TD: It's often overlooked that the musical instrument market is a worldwide market. we believe, sooner or later one won't get around it, having to have specially designed equipment or custom designed software - or both. Otherwise, once large firms, who have a good philosophy concerning technological advancement, won't get through the technical jungle and will simply collapse. Companies like Roland and Yamaha can spend 10 million dollars on a four year period developing, then, they bring out a finished product. A company like Oberheim in its prime couldn't do that till the Japanese took over. Sequential couldn't do it, and I ask myself how long the others will continue to be able to. It's going in such a peculiar direction because everyone thinks they can ride their own wave. Basically though, everyone is doing what his competitor is doing.

KM: On stage, you work a great deal with sequencers. How much is determined by the sequencer and how much freedom actually remains?

TD: The sequencer, speaking cautiously, can open you as you would like to open yourself. Our purpose is not to deliver a perfect version of a studio project to the stage, but rather to show complexities in their complexity, in combination with the fun of playing. In other words, the listener gains nothing from hearing an edited version of a familiar piece just because the musician insists he may not implement a sequencer when playing live and proceeds to hammer a sixteenth for a half an hour with the left hand while playing something with the right as well, and, starts the drum computer with his foot. There are people who consider this "live". But you can imagine how it sounds. We would be silly to take a flyer which is built somewhere into the thirty second bar as a ramp in another program and play it on the keyboard. It's in the sequencer and flies by itself. Anyway, over the last several years, we retain the philosophy that we are composers. We see ourselves as composers and not tiny Arthur Rubensteins who wish to and must show, every evening, that they are the best piano players in the world.

KM: Can you use the technical mastery that some of you gained in academies and conservatories?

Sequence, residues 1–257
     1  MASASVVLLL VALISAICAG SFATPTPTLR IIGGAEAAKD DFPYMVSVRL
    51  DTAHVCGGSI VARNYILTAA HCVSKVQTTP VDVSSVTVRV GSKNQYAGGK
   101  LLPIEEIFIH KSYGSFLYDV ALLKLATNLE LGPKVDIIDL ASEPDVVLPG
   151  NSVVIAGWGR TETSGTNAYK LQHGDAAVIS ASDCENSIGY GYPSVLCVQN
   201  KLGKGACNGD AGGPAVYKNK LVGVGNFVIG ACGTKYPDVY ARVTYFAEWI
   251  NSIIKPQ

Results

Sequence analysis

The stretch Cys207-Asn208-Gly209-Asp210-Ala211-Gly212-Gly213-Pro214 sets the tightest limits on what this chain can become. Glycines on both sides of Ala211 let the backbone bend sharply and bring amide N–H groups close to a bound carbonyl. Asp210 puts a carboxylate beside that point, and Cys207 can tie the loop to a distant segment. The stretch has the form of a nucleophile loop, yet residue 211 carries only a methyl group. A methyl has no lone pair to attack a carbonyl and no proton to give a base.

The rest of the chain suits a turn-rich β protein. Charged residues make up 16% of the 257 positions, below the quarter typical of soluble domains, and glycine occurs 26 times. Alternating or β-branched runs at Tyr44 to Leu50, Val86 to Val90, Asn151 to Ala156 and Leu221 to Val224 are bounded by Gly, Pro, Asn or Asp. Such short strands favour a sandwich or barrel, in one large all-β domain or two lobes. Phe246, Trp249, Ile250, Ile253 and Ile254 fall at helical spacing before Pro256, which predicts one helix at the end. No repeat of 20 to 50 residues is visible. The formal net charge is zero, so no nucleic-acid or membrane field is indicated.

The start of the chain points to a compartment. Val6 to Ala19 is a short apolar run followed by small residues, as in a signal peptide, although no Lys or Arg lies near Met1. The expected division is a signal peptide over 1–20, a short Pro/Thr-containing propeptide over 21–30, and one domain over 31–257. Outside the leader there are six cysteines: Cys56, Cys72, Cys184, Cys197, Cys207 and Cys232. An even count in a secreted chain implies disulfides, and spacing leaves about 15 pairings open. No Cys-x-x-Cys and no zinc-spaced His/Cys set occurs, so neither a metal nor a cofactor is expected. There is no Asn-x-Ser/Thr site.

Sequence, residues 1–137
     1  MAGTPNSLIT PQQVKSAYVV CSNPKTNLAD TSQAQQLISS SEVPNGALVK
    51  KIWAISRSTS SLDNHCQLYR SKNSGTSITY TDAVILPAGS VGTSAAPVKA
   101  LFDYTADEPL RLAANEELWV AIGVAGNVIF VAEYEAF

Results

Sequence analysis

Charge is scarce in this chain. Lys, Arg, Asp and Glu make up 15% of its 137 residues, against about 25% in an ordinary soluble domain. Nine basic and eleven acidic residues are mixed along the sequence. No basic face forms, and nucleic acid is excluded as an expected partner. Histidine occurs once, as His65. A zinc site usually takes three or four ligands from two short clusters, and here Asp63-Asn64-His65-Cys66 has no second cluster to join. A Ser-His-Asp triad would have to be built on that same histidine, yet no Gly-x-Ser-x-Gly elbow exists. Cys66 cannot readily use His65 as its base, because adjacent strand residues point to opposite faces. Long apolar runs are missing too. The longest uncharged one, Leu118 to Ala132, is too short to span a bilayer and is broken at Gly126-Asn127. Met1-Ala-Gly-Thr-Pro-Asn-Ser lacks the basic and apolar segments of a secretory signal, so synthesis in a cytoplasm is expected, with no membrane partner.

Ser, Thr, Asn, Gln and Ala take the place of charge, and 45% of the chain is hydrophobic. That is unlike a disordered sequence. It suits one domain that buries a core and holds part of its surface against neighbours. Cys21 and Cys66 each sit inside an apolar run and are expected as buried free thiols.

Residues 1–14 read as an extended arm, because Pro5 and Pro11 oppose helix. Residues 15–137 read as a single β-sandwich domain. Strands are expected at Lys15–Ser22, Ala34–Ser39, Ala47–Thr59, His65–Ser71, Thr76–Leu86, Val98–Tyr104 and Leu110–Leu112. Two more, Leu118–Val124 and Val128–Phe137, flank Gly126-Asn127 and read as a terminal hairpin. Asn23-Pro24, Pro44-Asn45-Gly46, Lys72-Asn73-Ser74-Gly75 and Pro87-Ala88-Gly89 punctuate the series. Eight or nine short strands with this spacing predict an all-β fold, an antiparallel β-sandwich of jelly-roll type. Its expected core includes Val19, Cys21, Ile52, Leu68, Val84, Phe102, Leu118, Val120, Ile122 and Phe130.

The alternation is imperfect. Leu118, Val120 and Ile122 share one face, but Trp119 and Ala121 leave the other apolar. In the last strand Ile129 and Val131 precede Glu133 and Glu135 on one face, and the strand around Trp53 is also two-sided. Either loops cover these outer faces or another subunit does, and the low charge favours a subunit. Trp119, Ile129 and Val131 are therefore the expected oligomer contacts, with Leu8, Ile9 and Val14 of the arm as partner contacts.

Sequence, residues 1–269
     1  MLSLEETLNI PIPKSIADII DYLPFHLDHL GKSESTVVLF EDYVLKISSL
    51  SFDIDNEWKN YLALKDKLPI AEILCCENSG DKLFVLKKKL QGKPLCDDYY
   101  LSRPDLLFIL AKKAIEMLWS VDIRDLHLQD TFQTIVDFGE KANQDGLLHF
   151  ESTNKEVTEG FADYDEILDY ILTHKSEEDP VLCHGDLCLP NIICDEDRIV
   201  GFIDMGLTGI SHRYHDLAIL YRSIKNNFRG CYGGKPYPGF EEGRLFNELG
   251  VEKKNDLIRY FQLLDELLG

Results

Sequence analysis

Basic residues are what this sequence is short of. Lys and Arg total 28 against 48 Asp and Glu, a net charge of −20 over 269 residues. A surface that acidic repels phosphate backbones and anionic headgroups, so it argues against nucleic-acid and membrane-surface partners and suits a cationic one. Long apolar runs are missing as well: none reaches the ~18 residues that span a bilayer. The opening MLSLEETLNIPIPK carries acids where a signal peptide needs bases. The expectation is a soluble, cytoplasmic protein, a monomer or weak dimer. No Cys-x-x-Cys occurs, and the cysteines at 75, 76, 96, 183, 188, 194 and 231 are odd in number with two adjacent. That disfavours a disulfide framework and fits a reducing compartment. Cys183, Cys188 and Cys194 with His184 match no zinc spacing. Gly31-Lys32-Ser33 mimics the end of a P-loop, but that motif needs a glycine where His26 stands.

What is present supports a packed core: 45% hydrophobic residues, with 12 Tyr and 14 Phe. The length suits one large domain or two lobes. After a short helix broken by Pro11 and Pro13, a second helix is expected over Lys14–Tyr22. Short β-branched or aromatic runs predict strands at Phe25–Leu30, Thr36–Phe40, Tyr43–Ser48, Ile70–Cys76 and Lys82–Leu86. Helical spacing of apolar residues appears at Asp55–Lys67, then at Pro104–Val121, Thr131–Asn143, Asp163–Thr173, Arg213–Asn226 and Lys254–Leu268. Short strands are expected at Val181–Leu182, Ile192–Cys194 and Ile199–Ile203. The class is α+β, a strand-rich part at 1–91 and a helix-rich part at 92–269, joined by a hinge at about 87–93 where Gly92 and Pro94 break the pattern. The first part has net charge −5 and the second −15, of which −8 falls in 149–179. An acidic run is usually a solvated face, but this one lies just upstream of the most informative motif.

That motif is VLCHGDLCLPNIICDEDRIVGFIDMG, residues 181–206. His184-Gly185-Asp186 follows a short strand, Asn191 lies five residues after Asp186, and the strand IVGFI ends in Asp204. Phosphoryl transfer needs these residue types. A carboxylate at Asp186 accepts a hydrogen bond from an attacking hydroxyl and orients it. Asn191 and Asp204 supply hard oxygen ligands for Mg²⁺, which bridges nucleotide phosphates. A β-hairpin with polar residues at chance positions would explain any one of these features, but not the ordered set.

TD: One thing that we like to apply is the way of playing drums on the keyboards. We enter certain samplers and try out targeted rhythms, but also coincidental ones. For example, in that we take a run from Chopin etude and play it with the different drum sounds. Very amusing things occur and if they appear to be useful, we're trying to hold on to them. In any case, the results are baffling for drummers.

KM: What about the newer Workstation concept?

TD: This all goes beyond purely digital recording. Since the AES (an audio engineering exhibition) in November '88, where the workstation war began, we have been looking for a system to meet our needs. But we only wish to invest in a system that can be updated that is, without having to contend with drastic changes in hardware. Bad experiences has shown that if a new version of equipment had a lot of hardware to go along with it, you can forget it. Now we're at the point where we more or less have decided to wait for newer generations in software oriented developements which than will allow us to meet our very individuel needs.

KM: I have the feeling, from what you say, that among other things you are not satisfied with the solutions for man-machine-interface at the moment. Is that right?

TD: There probably isn't a thing with which you can be fully satisfied. It's really an insane thought that the human as a databank, as an information transmitter, as an information programmer or some such thing, could be equalled or even surpassed by technology. Most dream of this, but it isn't possible. It is not possible for the simple reason that, if, call it nerve transmission inertia in technology, existed, this nerve transmisssion inertia does not exist in our brain. There is no inertia, rather information is exchanged and digested on many levels at the same time, and, new information is formed out of old information. That is the phenomenon of the human mind. It is understandable that people want to imitate this with computers, but there are no computerized transmissions that could ever equal those of the human brain, even if they are faster. What makes us so slow is not our brain, rather our consciousness with which we approach the problem. The brain is inconceivably fast, it's our software which isn't so far along. With the term software, I mean our consciousness which reflects the sum of all our collected experience. This software, we know, loaded into our brain, is at six or seven percent of its capacity, not more. And now we can determine what a computer actually is. When one allows this comparison, you then have approximately the right relationship between man and machine. There we are and probably not all too much will change in the next fifty years, because our human behaviour reflects still some sort of stoneage programming, as you can watch mankind dealing with the still unknown secrets of the atom - our scientists are like little kids playing around with explosiv power of a handgrenade - and smiling!